Presentations from the October 12 Web conference, "Integrating Comparative Effectiveness Research into Everyday Practice,” are available on the AHRQ Effective Health Care Web site. Presenters highlighted AHRQ's existing patient-centered outcomes research and ways that it can be used by clinicians to make decisions in their practices.
5. New Guides on Radiotherapy Treatments for Head and Neck Cancer Are Available
AHRQ's Effective Health Care Program released new summary guides on Comparative Effectiveness and Safety of Radiotherapy Treatments for Head and Neck Cancer and Understanding Radiotherapy for Head and Neck Cancer: A Guide for Adults and Their Caregivers. The new guides are based on a recent AHRQ comparative effectiveness review on the effectiveness of different types of radiotherapy to treat head and neck cancers. That report, published in May, found that an advanced type of radiation called intensity-modulated radiation therapy leads to fewer cases of xerostomia, commonly known as dry mouth, than other types of radiation, but it is unknown whether the treatment is better or worse at reducing the size of tumors. The report was prepared by the Blue Cross and Blue Shield Association, Technology Evaluation Center in Chicago for AHRQ's Effective Health Care Program. In addition, a CME activity and a slide talk are also available.
6. Health Services Research Theme Issue Explores Payment Reform
The December issue of Health Services Research, published in cooperation with AHRQ, presents research on payment reform, which will play a critical role in efforts to improve the quality and value of health care under the Affordable Care Act. The goal of this theme issue is to provide new information about how to best design and implement payment reforms, focusing particularly on structuring payment bundles that reduce regional variation without harming quality; selecting performance measures that really do measure performance; fine-tuning pay-for-performance models; and taking into account external market factors. The issue's seven papers address when and under what circumstances a payment system works to achieve certain objectives. In brief, the authors found that potentially avoidable hospitalizations for chronic illnesses add 30 percent to employers' health care spending for certain chronic conditions; more aggressive hospital care costs more but saves lives; composite measures can successfully assess the quality of physician preventive and chronic care services; surveys can make an effective contribution to risk-adjustment for children with chronic conditions; payment initiatives from one payer affect patients with other payers; and the impact of quality incentives varies with the competitiveness of the market. Select to access the Health Services Research: Part II, December 2010.
7. U.S. Preventive Services Task Force Seeks Public Comments on Screening for Bladder Cancer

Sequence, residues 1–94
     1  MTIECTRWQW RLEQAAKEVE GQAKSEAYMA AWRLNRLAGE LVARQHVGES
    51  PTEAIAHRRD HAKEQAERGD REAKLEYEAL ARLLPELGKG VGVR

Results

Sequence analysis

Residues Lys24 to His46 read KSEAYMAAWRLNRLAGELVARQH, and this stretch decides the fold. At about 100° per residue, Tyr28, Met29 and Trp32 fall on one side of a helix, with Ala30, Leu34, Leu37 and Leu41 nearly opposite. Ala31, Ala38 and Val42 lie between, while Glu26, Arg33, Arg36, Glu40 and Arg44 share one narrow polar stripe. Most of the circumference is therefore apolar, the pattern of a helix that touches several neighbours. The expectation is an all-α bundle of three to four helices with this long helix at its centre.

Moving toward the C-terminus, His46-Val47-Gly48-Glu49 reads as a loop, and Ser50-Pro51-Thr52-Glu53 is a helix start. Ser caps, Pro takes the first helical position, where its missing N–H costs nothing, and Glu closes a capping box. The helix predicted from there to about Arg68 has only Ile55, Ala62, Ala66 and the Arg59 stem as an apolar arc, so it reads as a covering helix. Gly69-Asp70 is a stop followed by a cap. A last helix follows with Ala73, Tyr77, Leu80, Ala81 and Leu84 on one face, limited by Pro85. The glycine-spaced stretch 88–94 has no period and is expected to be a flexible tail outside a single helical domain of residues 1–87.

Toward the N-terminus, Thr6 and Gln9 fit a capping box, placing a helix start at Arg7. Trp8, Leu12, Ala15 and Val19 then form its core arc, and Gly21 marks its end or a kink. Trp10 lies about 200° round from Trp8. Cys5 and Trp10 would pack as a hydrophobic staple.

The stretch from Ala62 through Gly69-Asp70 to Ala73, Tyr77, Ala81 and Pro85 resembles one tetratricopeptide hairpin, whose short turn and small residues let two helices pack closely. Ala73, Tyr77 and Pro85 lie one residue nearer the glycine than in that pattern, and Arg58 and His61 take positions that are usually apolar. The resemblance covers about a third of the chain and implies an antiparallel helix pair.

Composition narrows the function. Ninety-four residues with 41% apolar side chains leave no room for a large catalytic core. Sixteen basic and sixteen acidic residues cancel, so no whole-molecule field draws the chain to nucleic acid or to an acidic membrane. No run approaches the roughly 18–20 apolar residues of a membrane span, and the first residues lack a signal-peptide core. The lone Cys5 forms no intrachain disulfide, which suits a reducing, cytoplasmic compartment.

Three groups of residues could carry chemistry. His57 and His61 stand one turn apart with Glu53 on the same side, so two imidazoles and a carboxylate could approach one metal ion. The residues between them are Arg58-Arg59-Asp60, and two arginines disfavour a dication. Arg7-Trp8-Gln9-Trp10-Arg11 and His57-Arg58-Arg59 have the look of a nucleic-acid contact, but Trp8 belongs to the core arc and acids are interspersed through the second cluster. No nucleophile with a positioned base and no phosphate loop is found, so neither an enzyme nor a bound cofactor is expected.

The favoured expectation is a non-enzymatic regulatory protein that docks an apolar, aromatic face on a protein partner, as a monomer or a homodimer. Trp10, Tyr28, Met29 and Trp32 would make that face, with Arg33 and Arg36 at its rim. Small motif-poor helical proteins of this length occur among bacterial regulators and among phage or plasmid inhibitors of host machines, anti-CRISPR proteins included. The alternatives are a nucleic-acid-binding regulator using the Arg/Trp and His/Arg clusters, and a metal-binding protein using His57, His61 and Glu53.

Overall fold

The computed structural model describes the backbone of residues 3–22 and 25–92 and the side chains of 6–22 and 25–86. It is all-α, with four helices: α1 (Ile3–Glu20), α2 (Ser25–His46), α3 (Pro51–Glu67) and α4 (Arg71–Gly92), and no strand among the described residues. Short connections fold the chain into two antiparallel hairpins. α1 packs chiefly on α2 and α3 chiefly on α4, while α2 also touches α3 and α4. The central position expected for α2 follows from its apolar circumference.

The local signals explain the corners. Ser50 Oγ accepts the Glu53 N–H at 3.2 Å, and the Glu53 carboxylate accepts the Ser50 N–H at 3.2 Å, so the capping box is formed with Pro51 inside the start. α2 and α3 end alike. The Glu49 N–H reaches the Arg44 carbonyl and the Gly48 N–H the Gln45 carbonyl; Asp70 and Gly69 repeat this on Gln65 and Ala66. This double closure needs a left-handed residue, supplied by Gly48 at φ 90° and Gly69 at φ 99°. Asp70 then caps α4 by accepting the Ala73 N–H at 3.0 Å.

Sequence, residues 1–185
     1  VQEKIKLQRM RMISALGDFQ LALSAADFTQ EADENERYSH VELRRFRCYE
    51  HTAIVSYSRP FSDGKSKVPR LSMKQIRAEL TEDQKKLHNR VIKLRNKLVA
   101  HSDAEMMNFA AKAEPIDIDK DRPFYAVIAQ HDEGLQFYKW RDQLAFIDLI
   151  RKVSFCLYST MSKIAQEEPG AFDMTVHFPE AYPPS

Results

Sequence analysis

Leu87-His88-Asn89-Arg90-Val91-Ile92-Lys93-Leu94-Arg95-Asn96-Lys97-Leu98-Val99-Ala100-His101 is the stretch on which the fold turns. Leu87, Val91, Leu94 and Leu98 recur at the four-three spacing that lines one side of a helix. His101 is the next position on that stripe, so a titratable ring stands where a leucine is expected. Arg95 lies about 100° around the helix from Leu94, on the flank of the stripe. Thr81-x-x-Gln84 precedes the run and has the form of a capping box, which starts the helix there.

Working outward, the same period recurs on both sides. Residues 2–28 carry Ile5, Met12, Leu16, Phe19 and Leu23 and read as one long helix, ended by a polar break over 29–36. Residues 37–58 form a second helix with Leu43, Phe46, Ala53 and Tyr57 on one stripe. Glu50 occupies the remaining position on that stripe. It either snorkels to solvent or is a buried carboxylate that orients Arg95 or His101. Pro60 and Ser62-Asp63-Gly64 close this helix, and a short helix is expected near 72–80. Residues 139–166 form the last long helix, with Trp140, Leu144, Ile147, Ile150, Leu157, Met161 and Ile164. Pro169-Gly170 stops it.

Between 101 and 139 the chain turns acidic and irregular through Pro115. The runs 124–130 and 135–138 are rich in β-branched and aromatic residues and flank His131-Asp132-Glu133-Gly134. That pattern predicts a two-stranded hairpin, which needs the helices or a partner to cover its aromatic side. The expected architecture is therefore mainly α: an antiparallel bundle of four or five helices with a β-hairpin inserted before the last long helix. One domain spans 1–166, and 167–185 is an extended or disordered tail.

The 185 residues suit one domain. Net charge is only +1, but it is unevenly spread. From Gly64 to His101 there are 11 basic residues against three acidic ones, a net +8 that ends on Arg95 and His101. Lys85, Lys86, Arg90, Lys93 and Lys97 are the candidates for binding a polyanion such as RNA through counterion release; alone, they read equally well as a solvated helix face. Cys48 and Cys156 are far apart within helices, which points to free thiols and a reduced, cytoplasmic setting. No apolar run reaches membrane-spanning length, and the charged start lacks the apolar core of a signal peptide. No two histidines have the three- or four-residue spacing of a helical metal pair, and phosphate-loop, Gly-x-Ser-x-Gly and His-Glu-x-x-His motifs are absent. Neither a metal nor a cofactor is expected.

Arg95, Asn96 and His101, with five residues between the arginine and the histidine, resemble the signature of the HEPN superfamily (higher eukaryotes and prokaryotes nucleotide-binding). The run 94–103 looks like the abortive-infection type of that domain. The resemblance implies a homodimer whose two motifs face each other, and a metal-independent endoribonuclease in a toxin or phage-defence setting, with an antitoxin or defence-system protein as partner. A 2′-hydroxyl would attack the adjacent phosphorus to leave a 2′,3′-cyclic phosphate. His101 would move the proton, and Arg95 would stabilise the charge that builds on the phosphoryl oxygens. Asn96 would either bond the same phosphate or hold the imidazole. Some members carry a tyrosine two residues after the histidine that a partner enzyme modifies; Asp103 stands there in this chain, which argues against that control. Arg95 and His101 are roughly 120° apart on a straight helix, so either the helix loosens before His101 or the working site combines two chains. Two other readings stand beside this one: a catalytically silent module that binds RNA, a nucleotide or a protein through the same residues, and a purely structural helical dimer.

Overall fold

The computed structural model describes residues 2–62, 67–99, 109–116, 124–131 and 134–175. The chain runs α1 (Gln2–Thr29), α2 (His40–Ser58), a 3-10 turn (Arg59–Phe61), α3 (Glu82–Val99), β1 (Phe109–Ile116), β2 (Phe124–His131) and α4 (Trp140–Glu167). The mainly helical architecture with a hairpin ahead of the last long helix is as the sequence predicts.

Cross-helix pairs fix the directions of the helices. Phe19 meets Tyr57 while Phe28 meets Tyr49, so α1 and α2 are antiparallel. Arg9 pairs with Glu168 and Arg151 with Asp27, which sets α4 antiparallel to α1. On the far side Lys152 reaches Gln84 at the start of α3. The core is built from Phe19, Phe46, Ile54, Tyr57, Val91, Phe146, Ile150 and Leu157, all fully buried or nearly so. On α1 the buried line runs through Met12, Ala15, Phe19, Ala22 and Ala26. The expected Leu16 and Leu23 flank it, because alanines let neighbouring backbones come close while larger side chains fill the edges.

The U.S. Preventive Services Task Force is inviting public comments on its draft recommendation statement on screening for bladder cancer. This draft recommendation is an update of the Task Force 2004 recommendation on screening for bladder cancer in adults. The deadline to provide comments is December 28.
8. AHRQ Seeks Public Comments on Priorities for the CHIPRA Pediatric Quality Measures Program
AHRQ is seeking public comments on priorities measure topics and methodological enhancements in health care services affecting children's health including perinatal measures for the Children's Health Insurance Program Reauthorization Act of 2009; PL 111-3 (CHIPRA) Pediatric Quality Measures Program (PQMP). Select to read the December 3 Federal Register notice. Comments are due January 14, 2011 and should be sent to CHIPRAqualitymeasures@AHRQ.hhs.gov.
9. New AHRQ Evidence Report on the Relationship of Alcohol Consumption to Breast and Colorectal Cancer
Alcoholic beverages, drunk by more than half of all American adults at least once a month, are suspected of increasing risk of breast or colorectal cancer because of findings from human, animal, and cell studies. A new AHRQ evidence report, Alcohol Consumption and Cancer Risk: Understanding Possible Causal Mechanisms for Breast and Colorectal Cancers, points to several potential mechanisms by which alcohol may influence the development of these cancers but the importance of any one mechanism is not apparent at this time. Most studies examining the mechanisms connecting alcohol to cancer risk use animal models, which may not be directly applicable to humans. The researchers, Olu Oyesanmi, M.D., M.P.H, and David Snyder, Ph.D., of AHRQ's ECRI Institute Evidence-based Practice Center noted that although the majority of the epidemiology studies reported that alcohol was associated with an increased risk of both breast and colorectal cancers, they could not discount the influence of other factors, such as diet and lifestyle. The evidence review was requested by the Centers for Disease Control and Prevention. Select to access the full report.